Berkshire

The rise of the romantic robot

  • 14 February 2016
  • From the section Berkshire
Cover of Love Machine Image copyright Electra Shepherd
Image caption Male robots supplant the lesser humans

Whether robots could one day think for themselves and the how this would affect humans' relationships with them is a common subject in science fiction. However, novelists are increasingly investigating another burning issue: could robots love a human?

Imagine a Venn Diagram with one circle representing the dark steeliness of humanoid robots and the other the flowery soft-focus pink of a Mills & Boon romance.

What would happen where the circles cross?

Only a few authors have braved an area that is almost literally a no-man's land, as in these books the stereotypical attractive male has typically been actively supplanted by a hunk of metal.

While the idea of robots and humans in a sexual encounter has been slithering around the underbelly of science fiction since the liberated 1960s, the addition of female-audience focused erotic romance is relatively new.

Image copyright Electra Shepherd
Image caption Electra Shepherd has written four novels in her Body Electric series, and is working on a fifth about an amorous computer virus

In fact Electra Shepherd, from Reading, is one of only a handful of published authors of the genre known as robot erotica.

Her novel Love Machine is the first in the Body Electric series and revolves around the love affair between a "good-time girl" and the house robot her late father invented.

"Blue's touch was pleasant," one passage reads. "It lingered there on her thigh as if he was getting her used to the feel of his synthetic skin. She pictured it, bright electric blue against the tanned flesh of her leg."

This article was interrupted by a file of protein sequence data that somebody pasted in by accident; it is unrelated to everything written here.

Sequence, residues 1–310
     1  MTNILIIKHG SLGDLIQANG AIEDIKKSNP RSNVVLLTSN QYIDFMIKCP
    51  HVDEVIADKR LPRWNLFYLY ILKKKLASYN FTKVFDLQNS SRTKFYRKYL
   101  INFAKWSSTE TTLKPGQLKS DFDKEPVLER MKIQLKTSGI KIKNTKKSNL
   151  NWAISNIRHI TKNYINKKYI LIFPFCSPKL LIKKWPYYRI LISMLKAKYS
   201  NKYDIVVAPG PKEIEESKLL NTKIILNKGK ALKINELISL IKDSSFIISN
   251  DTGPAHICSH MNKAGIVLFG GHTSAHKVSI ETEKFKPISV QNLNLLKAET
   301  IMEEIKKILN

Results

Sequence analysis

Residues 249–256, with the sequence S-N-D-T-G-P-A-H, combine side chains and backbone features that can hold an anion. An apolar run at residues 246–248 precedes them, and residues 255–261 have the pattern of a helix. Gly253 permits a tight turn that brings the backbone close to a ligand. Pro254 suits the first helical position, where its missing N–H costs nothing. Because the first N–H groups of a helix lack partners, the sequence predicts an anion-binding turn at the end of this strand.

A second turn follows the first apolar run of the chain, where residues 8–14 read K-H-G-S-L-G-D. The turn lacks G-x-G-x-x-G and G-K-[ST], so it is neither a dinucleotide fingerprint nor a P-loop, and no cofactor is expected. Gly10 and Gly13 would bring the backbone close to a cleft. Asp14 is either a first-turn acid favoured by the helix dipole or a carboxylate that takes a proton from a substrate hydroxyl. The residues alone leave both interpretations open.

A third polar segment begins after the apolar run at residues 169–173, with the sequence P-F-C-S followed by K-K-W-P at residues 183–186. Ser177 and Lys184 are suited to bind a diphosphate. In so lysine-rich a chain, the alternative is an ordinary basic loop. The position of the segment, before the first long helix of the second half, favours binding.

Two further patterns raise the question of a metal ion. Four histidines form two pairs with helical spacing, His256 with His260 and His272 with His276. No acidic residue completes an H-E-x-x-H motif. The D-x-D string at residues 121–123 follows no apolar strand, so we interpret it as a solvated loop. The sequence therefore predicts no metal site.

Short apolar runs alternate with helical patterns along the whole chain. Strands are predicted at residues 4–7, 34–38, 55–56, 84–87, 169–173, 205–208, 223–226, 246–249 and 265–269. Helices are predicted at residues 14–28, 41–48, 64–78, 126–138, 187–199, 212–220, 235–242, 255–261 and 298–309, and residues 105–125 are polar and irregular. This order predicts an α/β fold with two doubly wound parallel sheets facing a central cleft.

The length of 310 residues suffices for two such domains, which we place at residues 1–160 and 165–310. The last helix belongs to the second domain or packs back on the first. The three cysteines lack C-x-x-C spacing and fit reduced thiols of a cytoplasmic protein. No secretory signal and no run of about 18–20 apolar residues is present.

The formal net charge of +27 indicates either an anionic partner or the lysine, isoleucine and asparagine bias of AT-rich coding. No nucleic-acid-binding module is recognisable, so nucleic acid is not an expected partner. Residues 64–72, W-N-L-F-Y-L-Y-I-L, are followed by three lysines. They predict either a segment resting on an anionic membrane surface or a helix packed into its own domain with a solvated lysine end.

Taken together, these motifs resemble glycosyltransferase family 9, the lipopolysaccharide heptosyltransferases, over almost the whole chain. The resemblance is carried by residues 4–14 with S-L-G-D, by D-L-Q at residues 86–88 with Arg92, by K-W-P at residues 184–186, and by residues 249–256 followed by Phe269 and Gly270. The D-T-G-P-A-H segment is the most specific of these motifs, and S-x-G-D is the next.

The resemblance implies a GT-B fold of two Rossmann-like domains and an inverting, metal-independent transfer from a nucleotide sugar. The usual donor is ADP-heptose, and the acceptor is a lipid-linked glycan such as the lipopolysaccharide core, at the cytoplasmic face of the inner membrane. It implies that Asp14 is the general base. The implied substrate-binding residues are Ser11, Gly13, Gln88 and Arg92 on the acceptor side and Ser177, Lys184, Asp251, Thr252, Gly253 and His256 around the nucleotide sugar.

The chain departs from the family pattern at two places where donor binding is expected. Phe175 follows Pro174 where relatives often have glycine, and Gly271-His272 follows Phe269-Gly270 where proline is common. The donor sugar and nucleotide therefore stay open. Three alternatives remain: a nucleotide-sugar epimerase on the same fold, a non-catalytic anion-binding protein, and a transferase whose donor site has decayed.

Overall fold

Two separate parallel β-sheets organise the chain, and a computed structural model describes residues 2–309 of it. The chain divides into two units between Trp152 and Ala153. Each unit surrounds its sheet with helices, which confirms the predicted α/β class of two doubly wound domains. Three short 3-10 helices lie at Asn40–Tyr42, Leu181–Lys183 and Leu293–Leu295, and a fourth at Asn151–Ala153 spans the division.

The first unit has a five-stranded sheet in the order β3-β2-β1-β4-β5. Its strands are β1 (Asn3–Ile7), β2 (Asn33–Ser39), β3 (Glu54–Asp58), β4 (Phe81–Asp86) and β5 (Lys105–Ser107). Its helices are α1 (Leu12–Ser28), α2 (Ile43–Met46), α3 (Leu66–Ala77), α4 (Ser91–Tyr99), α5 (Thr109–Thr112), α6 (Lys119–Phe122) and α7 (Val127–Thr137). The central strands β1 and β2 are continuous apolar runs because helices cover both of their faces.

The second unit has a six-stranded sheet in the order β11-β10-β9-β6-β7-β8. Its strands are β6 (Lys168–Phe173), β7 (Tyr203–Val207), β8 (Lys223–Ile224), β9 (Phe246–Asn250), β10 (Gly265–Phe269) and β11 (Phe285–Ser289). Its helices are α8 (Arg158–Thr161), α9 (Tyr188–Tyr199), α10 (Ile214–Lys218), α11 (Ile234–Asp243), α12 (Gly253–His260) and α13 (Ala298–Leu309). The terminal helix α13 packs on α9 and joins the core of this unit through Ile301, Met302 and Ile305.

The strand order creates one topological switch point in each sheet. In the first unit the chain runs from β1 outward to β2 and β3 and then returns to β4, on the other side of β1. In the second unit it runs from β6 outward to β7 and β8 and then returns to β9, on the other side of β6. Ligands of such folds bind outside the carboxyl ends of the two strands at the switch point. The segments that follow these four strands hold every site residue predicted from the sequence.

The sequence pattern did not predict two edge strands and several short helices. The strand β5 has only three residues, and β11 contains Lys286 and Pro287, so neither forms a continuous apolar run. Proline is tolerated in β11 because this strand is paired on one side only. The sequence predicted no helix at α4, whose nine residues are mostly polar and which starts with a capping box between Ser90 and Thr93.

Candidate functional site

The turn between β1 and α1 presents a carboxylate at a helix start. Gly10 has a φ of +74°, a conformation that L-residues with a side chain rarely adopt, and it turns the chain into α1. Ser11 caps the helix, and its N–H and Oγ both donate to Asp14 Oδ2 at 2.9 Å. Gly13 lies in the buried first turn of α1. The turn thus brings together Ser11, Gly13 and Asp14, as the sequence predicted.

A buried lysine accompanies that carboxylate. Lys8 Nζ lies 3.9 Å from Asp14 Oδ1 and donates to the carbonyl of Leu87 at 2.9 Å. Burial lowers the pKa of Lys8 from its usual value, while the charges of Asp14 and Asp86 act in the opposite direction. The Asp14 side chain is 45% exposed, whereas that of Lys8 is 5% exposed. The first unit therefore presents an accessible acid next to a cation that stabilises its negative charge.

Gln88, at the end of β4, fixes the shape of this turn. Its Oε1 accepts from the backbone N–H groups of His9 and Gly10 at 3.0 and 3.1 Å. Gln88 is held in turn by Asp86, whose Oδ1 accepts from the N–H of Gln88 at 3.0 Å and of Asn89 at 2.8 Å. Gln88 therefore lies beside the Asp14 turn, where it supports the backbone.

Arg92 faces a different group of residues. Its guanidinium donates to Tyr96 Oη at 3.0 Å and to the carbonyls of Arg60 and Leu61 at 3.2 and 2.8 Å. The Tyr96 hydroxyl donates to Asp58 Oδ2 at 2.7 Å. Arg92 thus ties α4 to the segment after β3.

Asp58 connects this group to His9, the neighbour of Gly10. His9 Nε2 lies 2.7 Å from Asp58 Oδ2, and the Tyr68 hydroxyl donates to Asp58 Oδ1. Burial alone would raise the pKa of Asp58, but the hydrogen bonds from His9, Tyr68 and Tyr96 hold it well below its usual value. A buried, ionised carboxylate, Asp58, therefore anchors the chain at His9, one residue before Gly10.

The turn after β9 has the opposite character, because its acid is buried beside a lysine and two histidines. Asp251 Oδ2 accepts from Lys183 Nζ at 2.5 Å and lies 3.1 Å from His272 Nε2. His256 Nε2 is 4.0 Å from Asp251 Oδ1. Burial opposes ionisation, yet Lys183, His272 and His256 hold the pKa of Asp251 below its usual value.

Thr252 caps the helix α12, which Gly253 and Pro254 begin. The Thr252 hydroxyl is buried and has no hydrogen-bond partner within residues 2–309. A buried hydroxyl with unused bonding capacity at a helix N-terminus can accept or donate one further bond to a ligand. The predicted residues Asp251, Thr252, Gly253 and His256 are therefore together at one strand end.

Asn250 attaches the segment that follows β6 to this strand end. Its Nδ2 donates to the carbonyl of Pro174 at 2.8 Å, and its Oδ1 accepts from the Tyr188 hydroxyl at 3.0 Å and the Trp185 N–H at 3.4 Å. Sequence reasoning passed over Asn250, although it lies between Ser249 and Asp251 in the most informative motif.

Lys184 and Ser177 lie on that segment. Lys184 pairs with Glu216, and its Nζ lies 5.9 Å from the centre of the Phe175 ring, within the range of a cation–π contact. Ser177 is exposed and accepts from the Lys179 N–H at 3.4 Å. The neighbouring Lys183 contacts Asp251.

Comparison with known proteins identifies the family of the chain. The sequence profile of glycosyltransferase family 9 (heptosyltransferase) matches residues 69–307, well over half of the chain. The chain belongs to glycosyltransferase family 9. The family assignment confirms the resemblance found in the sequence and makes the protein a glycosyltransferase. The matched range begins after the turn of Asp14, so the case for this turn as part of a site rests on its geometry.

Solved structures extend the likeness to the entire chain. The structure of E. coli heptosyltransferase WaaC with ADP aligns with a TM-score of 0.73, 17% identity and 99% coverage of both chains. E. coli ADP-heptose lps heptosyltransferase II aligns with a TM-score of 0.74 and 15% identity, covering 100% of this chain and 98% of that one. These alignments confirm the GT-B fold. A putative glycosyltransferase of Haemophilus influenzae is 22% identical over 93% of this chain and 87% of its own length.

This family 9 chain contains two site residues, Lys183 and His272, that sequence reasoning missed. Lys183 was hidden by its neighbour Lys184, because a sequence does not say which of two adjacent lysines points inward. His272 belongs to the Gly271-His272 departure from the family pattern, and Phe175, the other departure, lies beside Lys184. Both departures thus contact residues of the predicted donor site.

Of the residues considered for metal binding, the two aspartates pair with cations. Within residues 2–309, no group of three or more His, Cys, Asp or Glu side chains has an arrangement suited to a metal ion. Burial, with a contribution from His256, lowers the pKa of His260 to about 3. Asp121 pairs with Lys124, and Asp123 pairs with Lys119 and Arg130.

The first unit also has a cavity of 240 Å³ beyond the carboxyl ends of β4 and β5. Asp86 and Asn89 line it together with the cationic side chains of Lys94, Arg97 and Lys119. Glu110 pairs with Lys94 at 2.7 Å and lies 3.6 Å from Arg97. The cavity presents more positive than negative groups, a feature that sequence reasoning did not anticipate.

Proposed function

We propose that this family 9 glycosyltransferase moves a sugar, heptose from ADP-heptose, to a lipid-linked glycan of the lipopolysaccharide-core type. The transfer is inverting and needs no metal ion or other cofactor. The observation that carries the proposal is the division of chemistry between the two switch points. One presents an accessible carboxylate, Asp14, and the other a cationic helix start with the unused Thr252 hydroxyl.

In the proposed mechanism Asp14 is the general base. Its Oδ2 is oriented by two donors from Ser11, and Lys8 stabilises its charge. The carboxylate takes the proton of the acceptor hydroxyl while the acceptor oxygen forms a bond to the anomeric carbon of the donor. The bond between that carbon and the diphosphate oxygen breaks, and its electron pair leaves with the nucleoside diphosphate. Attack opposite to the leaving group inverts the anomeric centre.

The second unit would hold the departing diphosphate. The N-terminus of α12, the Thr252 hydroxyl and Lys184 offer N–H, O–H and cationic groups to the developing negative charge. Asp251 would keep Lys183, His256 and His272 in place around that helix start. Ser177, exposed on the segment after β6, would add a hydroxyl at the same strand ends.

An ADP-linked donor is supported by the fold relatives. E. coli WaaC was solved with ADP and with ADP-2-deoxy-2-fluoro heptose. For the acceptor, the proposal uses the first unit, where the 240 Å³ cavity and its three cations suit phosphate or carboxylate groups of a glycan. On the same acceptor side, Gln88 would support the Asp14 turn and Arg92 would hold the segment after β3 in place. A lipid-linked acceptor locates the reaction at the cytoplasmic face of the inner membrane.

The pair end up falling in love and driving off into a romantic future.

"I was between books," explains Ms Shepherd. "I didn't have a contract and I just wanted to write something for fun.

"I thought 'what could be the most fun thing that I could possibly write' - and for some reason it was sex with a robot."

The reason, perhaps, this genre has chimed enough with our society to lift it up from the murkier depths of erotica is the prevalence of human-like robots in our collective psyche.

For example, the series Humans broadcast on Channel 4 about the Hawkins family and their female "synth" robot Anita, who ends up having sex with the father, has been hailed as the channel's most popular drama in 20 years.

And finding humanised robots attractive is more common than we at first may think.

"I've always loved the Terminator movies," says Ms Shepherd. "I think the Terminator is quite sexy - and I love Data from Star Trek and Michael Fassbender in Prometheus, and then there is Jude Law who is the robot gigolo in AI."

Image copyright Getty Images
Image caption Is Data from Star Trek an attractive robot?

One of Ms Shepherd's readers Elizabeth Mason, a 51-year-old woman from New York, says the idea of erotic robots is really only a small leap from the now globally popular Twilight Saga series, where a girl has a romance with a vampire.

"It's the idea of the 'other'," she says.

"It responds to something deeply primitive in humans, something that we have repressed as we have evolved over the centuries.

"It's also kind of a taboo, but not a taboo that is illegal.

"People want something a little different from the tried and true."

Dr Adam Roberts, literary academic at University of London's Royal Holloway College and author of The History of Science Fiction, thinks there is also the aspect of "eroticising the machine".